Denton City Council narrows down choices for new city manager

Denton City Council narrows down choices for new city manager

Denton City Council narrows down choices for new city manager
November 15
09:19 2016

When former city manager for the city of Denton George Campbell left his contract without renewal in June, the seat was left open for a new CEO of the city.

Howard Martin, the former assistant city manager and now interim manager, has worked since June to keep the city running. But the city council have now narrowed down their replacement choices to three people, and hosted a meet-and-greet Monday evening.

Kristoff Bauer, the current city manager for the City of Fayetteville, North Carolina, Jelynne LeBlanc-Burley, former deputy city manager of San Antonio and former vice president of utility in San Antonio, and Todd Hileman, the current village manager of Glenview, Illinois, are all potential candidates to be the next CEO of the city.

Carla Romine-Haggmark, director of human resources for the City of Denton, said she helped with the interviews but the ultimate choice for the new city manager lays in the hands of the city council.

“They [city council] narrowed it down with the help of the recruiter and consultant,” Romine-Haggmark said. “We talked to council, then council selected the candidates, and got in touch with them.”

When it came down to renewing Campbell’s 10-year-long position with the City of Denton, the city council decided 4-3 not to.

Mayor Chris Watts said he wants to hire someone who will problem solve through collaboration, and involve the entire community.

“I think we are looking for someone who can appreciate the diversity of the city and lead a city as diverse as ours, a fast-growing and full-service city that has good leadership skills and problem-solving,” Watts said. “We need someone who can appreciate the unique community. We have two universities, there are many opportunities and challenges in that part.”

The list for possible candidates for this position was narrowed down from 72 applicants, to 15, now to the final four, and at the last minute, three.

After a long and much-anticipated search, Chuck Rohre with Waters Consulting said the process is lengthy and complicated to ensure the city has a good replacement.

“We provided information to city council, developed the recruitment profiles, and gathered resumes,” Rohre said. “We discussed the candidates, and on Nov. 14 will be interviews and tours, then on Nov. 15, a final decision will be made.”

With over 50,000 college students, Denton is bustling with younger generations who want their voices to be heard.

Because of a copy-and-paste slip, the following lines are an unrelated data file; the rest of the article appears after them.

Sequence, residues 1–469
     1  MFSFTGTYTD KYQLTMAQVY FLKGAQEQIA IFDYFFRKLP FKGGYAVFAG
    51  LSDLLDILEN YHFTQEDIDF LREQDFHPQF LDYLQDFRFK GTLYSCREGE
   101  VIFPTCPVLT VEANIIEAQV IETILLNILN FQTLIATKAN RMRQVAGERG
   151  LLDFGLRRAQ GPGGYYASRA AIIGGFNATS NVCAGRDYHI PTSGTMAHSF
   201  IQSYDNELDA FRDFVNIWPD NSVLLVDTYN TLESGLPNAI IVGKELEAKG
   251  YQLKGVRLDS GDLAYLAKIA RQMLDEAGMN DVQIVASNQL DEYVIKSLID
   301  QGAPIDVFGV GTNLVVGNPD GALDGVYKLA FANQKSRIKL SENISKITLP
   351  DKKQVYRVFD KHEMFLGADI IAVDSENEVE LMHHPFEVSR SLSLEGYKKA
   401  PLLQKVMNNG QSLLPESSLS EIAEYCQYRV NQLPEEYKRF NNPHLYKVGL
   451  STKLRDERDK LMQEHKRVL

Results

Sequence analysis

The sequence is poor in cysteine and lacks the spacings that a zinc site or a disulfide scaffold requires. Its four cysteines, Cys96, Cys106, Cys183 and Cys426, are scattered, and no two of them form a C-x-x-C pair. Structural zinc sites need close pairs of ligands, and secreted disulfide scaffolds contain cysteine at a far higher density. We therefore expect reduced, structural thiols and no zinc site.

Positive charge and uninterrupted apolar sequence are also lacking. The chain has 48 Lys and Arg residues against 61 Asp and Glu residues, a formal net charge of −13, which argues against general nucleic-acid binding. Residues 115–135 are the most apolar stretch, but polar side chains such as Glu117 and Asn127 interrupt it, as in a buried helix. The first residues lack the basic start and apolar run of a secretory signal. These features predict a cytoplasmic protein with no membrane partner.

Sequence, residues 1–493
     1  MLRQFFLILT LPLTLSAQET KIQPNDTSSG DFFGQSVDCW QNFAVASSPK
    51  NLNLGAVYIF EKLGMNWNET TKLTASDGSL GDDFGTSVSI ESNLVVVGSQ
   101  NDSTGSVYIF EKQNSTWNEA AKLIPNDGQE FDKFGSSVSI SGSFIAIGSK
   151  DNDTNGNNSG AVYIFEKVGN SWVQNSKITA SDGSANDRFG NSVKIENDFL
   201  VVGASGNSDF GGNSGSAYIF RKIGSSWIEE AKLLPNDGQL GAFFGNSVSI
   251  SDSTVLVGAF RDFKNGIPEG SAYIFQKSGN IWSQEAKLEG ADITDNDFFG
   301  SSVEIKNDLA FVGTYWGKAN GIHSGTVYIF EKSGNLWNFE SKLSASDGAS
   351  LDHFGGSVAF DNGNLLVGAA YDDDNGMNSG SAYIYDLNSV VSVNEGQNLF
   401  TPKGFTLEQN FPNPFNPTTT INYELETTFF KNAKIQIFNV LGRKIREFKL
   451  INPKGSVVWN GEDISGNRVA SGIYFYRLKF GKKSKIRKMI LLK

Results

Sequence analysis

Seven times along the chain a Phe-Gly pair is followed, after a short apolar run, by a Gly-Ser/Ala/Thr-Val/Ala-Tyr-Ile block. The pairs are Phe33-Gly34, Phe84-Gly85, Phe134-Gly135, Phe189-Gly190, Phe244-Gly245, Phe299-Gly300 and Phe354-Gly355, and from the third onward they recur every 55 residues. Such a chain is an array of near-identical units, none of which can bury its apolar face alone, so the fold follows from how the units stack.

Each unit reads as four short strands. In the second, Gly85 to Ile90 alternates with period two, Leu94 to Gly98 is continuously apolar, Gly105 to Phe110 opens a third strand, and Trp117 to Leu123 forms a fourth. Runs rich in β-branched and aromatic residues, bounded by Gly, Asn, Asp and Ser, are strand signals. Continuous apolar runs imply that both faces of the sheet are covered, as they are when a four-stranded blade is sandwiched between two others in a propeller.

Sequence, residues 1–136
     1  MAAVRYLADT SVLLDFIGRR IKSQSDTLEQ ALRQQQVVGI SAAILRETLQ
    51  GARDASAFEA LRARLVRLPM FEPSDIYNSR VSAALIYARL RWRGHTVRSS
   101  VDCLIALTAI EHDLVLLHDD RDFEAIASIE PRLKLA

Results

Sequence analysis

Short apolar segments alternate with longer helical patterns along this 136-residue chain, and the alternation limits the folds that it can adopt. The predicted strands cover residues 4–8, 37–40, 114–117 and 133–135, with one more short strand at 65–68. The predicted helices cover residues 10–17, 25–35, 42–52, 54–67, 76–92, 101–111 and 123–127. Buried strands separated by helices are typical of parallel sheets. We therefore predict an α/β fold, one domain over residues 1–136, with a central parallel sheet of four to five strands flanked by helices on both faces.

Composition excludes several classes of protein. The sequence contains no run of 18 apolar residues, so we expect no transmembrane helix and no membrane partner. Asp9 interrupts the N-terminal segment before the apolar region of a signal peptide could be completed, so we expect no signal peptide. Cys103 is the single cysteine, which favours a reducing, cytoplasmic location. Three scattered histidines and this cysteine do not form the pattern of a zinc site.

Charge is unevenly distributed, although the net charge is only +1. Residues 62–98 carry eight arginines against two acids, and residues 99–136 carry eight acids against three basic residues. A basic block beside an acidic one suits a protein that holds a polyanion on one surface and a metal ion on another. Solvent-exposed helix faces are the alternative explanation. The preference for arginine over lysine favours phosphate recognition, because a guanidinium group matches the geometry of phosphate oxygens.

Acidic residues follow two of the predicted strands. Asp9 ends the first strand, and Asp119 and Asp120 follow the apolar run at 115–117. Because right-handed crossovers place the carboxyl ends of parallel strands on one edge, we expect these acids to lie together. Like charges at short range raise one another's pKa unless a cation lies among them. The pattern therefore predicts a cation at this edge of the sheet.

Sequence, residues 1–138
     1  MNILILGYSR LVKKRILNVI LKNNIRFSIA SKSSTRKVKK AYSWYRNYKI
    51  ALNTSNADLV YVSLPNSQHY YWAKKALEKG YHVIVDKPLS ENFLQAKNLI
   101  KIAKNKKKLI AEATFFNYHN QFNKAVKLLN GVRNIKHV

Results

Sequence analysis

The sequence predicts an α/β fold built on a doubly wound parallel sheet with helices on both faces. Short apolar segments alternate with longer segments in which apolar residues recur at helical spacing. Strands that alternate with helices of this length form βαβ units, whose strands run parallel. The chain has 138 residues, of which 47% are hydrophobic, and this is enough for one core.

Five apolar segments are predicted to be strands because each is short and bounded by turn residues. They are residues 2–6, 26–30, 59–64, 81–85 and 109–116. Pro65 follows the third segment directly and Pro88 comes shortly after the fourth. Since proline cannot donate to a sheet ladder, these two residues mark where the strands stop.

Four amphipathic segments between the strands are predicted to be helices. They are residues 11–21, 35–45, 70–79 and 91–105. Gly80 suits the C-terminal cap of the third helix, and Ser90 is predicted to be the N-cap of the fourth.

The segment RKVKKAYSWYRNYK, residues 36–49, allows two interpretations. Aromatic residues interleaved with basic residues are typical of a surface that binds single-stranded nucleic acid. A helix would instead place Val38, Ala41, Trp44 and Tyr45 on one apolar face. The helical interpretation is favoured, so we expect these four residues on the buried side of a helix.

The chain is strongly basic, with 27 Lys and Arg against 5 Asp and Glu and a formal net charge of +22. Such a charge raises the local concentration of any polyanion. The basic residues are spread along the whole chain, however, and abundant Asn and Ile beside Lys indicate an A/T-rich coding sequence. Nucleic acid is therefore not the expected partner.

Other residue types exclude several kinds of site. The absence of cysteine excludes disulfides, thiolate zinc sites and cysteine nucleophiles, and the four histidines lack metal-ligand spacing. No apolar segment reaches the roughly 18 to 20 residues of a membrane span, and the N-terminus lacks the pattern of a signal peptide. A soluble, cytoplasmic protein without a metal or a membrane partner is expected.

LeBlanc-Burley, who is currently the president of JLB Group, a consulting group she established to provide services to local governments, said UNT and TWU play very big parts in the city of Denton.

“San Antonio and Denton are two very different communities, I couldn’t compare the two,” LeBlanc-Burley said. “San Antonio has given me a great career, Denton is well managed financially, it is very progressive and the partnership with the two universities here is great. I can’t imagine the energy the college students have.”

Aside from the two major universities in town, Hileman said he wants to connect with all levels of education in the city.

“For me, its building bridges with the two universities, it doesn’t matter to me if it is a university or high school campus, it is important for relationships with administration,” Hileman said. “Police, fire, they all overlap. They are an extension of each other. I treat them all as one big team, there is no other way to do it.”

During his 10 years as city manager, Campbell has propelled growth in the city in approving the new convention center, and expanding the Denton airport west of the city, to name a few.

Bauer, who brings more than 20 years of municipal management experience to the table, said he will listen and learn from this community if he is chosen for this job.

“Hopefully I bring creativity and openness to Denton, I’m not sure there’s anything specific I would bring here from North Carolina but every community is different,” Bauer said. “As a manager it is important to listen to the city and what they need. I will bring experience and tools, but I will learn about what this community needs and apply those tools.”

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Julia Falcon

Julia Falcon

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